Saturday afternoon I travelled across from Cowes and pulled into the museum - which from the outside is reminiscent of a basketball stadium-and, its almost empty car park, I wasn’t sure if this was a good sign.
The entry foyer is deceiving with the small Nui Dat CafĂ© to one side and the usual merchandising section with the counter for admissions on the other side. It was all rather small and compact. It is a wonderful deception and doesn’t prepare you when you pull open the small shop front doors to be greeted by the vast open area filled with history and exhibits. It is only when you remember the aircraft hanger size of the building that you should not have expected less. I believe it is actually much larger than it appears from the outside.
The museum is so comprehensive on the subject it houses that there is nothing you shouldn’t have answered within its walls.
The building houses no less than three complete helicopters including a Cobra Attack Helicopter., a Centurion tank, a Howitzer artillery gun (compete with parachute suspended from the ceiling), transport vehicles as well as many smaller models and dioramas. These items alone will fascinate the kids.
I, however, was fascinated by the detailed listings of those who served and died as well as the large ephemeral collection, including newspapers, log books, beer cans, script currency and the many photos of diggers doing their daily deeds at rest as well as in the field.
One of the most stunning exhibits is the Sound and Light Show This world-class program is a short history of the Vietnam War using multimedia and holographic technology, an informative show lasting eighteen minutes that leaves you much wiser and probably more than a little amazed at the brilliance of the presentation.
Moving between exhibits and pieces you will find complete uniforms from different services as well as support staff, with a collection of arms and munitions. The Museum also doesn’t shy away from the negative aspects of the times with many articles and videos of the protests and anti-war movements that were active during the wars latter years.
It also has a set of the infamous marbles used for the ballot to conscript young men into the services.
Though the Vietnam War was smaller in commitment and territory than World War One and Two, Australia’s involvement actually lasted longer than the latter two combined. And when this is taken into account it highlights how much the Vietnam War had an effect on a country finding its own identity leading up to the 21st Century.
Though I have mentioned the size of the Museum’s area of the exhibition, it is not to you move towards the rear that you get another glimpse of the potential of this museums growth. At the back half of the building is the aircraft restoration area where two massive Wessex helicopters (one partial, one close to completion) are housed and an even larger Canberra bomber with its wings standing beside it, by far the largest piece of the collection and dwarfing all other pieces. This place is so big and full of interesting things that you don’t see it until you’re on top of it.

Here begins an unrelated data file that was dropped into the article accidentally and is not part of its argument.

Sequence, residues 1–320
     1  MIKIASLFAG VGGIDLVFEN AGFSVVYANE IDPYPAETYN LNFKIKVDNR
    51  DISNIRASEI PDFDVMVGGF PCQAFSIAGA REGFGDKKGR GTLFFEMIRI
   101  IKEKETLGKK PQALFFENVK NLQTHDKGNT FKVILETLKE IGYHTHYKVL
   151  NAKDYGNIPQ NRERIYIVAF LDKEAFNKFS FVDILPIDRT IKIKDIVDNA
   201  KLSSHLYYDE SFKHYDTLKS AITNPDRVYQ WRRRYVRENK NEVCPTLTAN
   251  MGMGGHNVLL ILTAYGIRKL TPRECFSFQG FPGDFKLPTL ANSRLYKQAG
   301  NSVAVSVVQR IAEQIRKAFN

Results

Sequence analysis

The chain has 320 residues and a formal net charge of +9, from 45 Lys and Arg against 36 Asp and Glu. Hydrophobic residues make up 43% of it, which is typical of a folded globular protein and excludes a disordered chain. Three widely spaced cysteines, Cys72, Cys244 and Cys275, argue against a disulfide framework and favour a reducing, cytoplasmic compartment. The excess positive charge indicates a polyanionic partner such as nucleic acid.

I grew up watching the Vietnam war on TV every night and it seemed to desensitize me to what was really going on and I don’t remember talking about it with my family or friends, not even at school. It just seemed to be in the background through my pre-teen years. When I did start to pay attention (though not too intensely)  in my latter teens it was the different way the Vietnam war was portrayed compared to other current wars.
The First World War was about farmers (like granddad) rushing off to the other side of the world and then coming back to farm again, on the way giving us a day off from school. The Second World War was all about the Americans and the thousand and one movies I watched showing us how they won the war for everyone. Whilst the older kids I knew whose dads went to war all seemed like normal dads and not a bit like the Americans. The Korean War was M.A.S.H as far as I was concerned, but the Vietnam vets were portrayed as unloved, unwanted fighting a war no one wanted. In most movies, they were cast as crazy loners who didn’t fit in and didn’t want to talk about it.

Eventually, as I grew older I realized all that most of all the above was pure toss and things weren’t as simple as I first thought. The National Vietnam Veterans Museum gives a comprehensive view of the history of the war, the times it was set and the effect it had on Australia and the rest of the world. The whole presentation is done in a way that makes it stimulating and entertaining as well as thought-provoking whilst all the time being very informative. In closing, the museum is excellent value for money and worth a repeat visit.

Originally published in Issue 111 BBCN April 2013


THE MUSTARD (UK) ALAN MOORE INTERVIEW A great read. The Mustard humour magazine did this a few years ago and Alan Moore goes into great d...